Posts Tagged ‘Pennant Roberts’

My first proper grown-up SF was, I suppose, John Wyndham’s The Day of the Triffids, first on the BBC in 1981, and then as a book the following year. Ever since then I have had a fascination for catastrophe stories, both British and American: by the time I left school I had read virtually all of Wyndham’s major works, plus plenty by John Christopher – The Death of Grass is another classic of the form, while Empty World, theoretically a YA novel, is as bleak as any adult book in this genre – along with The Stand and many others.

So it was not really surprising that I bought the first two episodes of Terry Nation’s Survivors when I came across them on second-hand VHS in the summer of 1998, despite the fact that I am generally a try-before-I-buy sort of person, and also that I had been left sufficiently unmoved by my copy of the novelisation as to actually give it away (not something that ever normally happens). This was long before the grisly (in all the wrong ways) post-RTD Doctor Who revival of the series, when it was still arguably the definitive TV treatment of this theme. I would say it still has a claim to the title, in this country at least, but let’s not get ahead of ourselves.

The first episode of Survivors, The Fourth Horseman, was written by Terry Nation and directed by Pennant Roberts. If you talk to Doctor Who fans, Terry Nation’s reputation derives almost solely from the fact he created the Daleks, for most of his actual stories are derivative (often from each other) and reliant on cheap plot devices, while Pennant Roberts’ reputation has suffered greatly, primarily because his association with the show concluded with two almost totally crapulous scripts, Warriors of the Deep and Timelash. But here they come up with something very special: The Fourth Horseman is not subtle or profound, contains no dazzlingly witty dialogue or clever directorial tricks, and many of the performances are workmanlike at best, yet I think it is, on its own terms, a virtually perfect piece of TV.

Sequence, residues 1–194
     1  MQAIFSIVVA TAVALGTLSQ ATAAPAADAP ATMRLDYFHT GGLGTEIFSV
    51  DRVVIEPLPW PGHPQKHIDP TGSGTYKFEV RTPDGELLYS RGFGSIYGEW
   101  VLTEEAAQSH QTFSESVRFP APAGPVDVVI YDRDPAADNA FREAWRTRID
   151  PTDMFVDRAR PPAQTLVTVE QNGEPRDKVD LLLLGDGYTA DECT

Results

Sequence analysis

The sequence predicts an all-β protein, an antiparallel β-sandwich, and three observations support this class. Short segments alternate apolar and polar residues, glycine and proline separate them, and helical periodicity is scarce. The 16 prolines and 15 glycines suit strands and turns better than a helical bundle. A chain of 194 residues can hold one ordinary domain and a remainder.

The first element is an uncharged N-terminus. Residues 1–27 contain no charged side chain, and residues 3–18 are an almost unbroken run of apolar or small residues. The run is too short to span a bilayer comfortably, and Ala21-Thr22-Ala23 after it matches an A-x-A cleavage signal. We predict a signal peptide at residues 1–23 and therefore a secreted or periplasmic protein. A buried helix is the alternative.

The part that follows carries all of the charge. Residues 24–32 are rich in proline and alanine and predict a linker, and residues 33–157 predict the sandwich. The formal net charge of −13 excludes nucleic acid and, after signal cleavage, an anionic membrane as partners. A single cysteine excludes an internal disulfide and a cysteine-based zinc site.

This is even more impressive when you consider that the episode’s function is to move the viewer from the recognisable world of 1975 Britain into a post-apocalyptic wasteland, in the space of 50 minutes and on a fairly low budget. This is a riches-to-rags story of people who, through no particular personal merit, find themselves still alive after civilisation falls and have to somehow carry on.

The opening titles alone are something of a masterpiece of understatement and implication: the series itself never establishes the exact origins or nature of the virus which devastates the world, but the title sequence suggests a laboratory accident somewhere in China is responsible, thus explaining the sheer lethality of the plague. Modern air travel rapidly disseminates the bug, and the credits conclude with the London passport stamp obliterated by a sea of crimson.

From here the theme is masterfully set up: affluent housewife Abby Grant (Carolyn Seymour) is playing tennis by herself, using an automatic ball-launching machine – the kind of self-indulgent luxury item that epitomises her easy life. From here the premise is quickly established: the country is in the midst of some kind of disease epidemic, which is starting to affect public services and utilities – the train timetable is in chaos, the telephone network breaking down. Still, Abby and her husband David (Peter Bowles) remain rather complacent, assured it will all blow over sooner or later, and that they are safe in their lovely Gloucestershire home.